For Love of Animals : Christian Ethics, Consistent Action
Overview - For Love of Animals is an honest and thoughtful look at our responsibility as Christians with respect to animals. Many Christians misunderstand both history and their own tradition in thinking about animals. They are joined by prominent secular thinkers who blame Christianity for the Western world's failure to seriously consider the moral status of animals. Read more...
More About For Love of Animals by Charles Christopher Camosy
For Love of Animals
is an honest and thoughtful look at our responsibility as Christians with respect to animals. Many Christians misunderstand both history and their own tradition in thinking about animals. They are joined by prominent secular thinkers who blame Christianity for the Western world's failure to seriously consider the moral status of animals.
This book explains how traditional Christian ideas and principles--like nonviolence, concern for the vulnerable, respect for life, stewardship of God's creation, and rejection of consumerism--require us to treat animals morally. Though this point of view is often thought of as liberal, the book cites several conservatives who are also concerned about animals. Camosy's Christian argument transcends secular politics.
The book's starting point for a Christian position on animals--from the creation story in Genesis to Jesus' eating habits in the Gospels--rests in Scripture. It then moves to explore the views of the Church Fathers, the teachings of the Catholic Church, and current discussions in both Catholic and Protestant theology. Ultimately, however, the book is concerned not with abstract ideas, but with how we should live our everyday lives. Should Christians eat meat? Is cooperation with factory farming evil? What sort of medical research on animals is justified? Camosy also asks difficult questions about hunting and pet ownership.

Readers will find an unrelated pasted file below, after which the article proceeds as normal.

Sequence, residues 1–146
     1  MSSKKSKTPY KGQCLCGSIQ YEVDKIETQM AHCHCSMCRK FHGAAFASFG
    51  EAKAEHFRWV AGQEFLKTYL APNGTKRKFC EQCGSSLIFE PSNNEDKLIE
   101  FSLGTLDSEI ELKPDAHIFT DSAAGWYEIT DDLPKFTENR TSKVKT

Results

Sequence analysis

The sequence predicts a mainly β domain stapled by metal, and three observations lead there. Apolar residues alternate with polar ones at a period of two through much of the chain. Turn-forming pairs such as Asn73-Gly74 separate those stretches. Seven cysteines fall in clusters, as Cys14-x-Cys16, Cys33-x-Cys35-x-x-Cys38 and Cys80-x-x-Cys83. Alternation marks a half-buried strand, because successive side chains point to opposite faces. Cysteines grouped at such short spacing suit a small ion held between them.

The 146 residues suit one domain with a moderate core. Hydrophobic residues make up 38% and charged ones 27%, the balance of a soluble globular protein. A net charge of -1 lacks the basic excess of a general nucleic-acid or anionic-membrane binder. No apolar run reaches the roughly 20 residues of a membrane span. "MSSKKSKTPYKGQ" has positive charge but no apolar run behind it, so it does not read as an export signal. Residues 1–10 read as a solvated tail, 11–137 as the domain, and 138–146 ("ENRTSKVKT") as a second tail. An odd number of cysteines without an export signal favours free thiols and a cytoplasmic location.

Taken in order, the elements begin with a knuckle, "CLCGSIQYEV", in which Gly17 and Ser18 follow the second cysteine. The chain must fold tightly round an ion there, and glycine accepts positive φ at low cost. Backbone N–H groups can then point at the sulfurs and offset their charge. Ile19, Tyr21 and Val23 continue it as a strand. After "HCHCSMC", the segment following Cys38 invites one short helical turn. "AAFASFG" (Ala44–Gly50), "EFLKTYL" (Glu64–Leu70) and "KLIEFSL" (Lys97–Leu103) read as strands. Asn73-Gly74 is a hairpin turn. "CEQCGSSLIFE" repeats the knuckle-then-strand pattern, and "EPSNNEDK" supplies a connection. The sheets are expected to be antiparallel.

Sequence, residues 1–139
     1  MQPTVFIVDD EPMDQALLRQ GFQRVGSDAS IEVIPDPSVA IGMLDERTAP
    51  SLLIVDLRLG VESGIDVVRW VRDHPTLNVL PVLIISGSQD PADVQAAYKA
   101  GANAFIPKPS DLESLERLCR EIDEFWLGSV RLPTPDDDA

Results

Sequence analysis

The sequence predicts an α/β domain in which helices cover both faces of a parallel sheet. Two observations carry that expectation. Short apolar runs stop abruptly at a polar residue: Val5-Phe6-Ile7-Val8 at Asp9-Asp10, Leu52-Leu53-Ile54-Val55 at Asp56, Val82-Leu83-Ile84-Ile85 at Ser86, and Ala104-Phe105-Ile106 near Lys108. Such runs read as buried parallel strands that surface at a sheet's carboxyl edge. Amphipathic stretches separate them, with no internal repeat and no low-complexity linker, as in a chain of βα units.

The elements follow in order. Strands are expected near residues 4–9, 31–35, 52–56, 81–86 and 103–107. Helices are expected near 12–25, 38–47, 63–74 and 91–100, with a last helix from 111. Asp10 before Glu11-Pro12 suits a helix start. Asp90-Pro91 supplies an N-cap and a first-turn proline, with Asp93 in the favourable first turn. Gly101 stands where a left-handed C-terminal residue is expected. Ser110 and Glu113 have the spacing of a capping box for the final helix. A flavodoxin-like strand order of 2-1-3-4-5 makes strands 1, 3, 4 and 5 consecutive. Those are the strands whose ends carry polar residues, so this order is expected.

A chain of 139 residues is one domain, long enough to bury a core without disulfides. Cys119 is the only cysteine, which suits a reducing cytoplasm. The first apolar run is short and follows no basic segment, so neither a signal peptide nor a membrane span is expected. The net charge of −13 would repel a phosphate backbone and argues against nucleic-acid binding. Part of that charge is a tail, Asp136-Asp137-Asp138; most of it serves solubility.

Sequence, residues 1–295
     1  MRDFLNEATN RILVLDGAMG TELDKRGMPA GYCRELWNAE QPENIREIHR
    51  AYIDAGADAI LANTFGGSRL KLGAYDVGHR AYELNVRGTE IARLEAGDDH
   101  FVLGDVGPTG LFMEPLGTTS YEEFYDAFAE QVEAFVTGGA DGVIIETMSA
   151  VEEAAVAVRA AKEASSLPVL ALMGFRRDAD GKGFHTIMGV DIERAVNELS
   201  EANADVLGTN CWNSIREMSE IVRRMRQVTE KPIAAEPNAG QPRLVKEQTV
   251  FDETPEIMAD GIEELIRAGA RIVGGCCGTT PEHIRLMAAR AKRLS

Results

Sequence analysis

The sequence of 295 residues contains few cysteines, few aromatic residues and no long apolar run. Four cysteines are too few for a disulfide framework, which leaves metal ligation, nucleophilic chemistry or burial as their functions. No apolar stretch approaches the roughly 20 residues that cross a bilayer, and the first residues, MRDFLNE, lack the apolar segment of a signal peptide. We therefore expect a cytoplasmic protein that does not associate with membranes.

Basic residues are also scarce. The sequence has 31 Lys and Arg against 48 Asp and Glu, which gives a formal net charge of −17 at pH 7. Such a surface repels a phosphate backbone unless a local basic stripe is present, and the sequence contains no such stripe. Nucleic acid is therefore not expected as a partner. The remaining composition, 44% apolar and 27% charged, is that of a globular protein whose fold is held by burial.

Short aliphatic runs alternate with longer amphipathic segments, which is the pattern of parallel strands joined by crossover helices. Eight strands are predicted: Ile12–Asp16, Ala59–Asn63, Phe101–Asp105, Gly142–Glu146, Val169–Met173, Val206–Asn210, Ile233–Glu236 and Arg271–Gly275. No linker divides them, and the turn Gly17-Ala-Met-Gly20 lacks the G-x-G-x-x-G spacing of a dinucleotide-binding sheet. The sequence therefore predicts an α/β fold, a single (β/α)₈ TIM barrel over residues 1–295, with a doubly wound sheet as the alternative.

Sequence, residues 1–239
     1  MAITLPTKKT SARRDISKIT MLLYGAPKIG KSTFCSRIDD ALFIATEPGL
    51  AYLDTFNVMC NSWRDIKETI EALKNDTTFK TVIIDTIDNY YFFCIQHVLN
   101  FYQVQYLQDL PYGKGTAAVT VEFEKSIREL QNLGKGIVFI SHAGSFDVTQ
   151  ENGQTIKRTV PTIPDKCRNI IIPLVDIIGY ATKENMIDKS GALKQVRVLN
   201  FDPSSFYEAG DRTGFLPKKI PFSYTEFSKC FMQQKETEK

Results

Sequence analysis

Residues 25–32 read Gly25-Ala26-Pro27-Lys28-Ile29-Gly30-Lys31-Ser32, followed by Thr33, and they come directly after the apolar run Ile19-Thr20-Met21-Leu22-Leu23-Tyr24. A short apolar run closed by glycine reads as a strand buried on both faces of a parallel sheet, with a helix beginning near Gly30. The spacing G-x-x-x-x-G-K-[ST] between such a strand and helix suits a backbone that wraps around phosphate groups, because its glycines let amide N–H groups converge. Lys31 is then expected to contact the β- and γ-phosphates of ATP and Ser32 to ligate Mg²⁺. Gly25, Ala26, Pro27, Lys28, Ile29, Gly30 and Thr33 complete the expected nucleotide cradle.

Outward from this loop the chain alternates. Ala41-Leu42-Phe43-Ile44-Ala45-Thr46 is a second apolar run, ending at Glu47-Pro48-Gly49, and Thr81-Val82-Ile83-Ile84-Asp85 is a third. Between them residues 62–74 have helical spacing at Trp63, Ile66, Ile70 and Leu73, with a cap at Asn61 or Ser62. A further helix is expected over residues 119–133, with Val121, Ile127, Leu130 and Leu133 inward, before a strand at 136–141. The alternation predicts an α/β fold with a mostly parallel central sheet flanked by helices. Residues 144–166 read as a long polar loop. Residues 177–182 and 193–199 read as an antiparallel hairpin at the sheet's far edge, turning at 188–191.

This is an ideal resource for those who are interested in thinking about animals from the perspective of Christian ethics and the consistent ethic of life. Discussion questions at the end of each chapter and suggestions for further reading round out the usefulness of this important work.
Publishers Weekly Reviews
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Should Christians eat meat, hunt, or have pets? Does a consistent pro-life conviction require recognizing the moral life of non-human animals? Catholic bioethicist Camosy (Peter Singer and Christian Ethics) convincingly argues that the Bible, Christian tradition, and Catholic social doctrine all require these questions to be addressed seriously and thoroughly. Camosy is fully aware that his thesis is a hard sell. Discussion questions and suggestions for further reading make this an excellent primer for a group discussion that begins in Genesis and concludes with Michael Vick's dogfighting conviction. Some readers may stumble over Camosy's accusation of "speciesism" or his foray into treatises on angels and extraterrestrials to explain why humans are not the only rational beings capable of moral reasoning, but those who persevere will be rewarded with fine definitions of justice; complex, applicable explanations of "cooperation with evil" (especially in the context of factory farming); and a serious, well-argued challenge to baser market forces that make an idol of utilitarianism. Justice for animals must be part of a consistent ethic of life, Camosy concludes, giving readers grave second thoughts about the next order of McNuggets. (Oct.)